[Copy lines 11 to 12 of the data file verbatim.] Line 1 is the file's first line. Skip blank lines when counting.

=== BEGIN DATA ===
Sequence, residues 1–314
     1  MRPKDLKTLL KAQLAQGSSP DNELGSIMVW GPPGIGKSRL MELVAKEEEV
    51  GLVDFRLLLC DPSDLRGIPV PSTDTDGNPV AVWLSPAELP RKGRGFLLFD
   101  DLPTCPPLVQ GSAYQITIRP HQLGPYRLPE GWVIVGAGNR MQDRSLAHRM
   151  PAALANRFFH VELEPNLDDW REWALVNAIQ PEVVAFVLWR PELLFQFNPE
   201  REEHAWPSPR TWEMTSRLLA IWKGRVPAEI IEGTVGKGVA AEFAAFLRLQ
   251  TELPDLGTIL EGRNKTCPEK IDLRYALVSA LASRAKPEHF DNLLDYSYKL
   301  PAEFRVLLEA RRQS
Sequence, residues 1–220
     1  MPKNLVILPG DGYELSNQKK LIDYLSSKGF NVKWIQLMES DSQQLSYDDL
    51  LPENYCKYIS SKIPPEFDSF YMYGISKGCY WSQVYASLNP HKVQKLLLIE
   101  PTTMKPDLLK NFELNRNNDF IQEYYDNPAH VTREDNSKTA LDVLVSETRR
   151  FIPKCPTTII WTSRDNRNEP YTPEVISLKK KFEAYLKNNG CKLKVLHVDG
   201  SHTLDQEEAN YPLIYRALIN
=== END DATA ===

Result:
    51  LPENYCKYIS SKIPPEFDSF YMYGISKGCY WSQVYASLNP HKVQKLLLIE
   101  PTTMKPDLLK NFELNRNNDF IQEYYDNPAH VTREDNSKTA LDVLVSETRR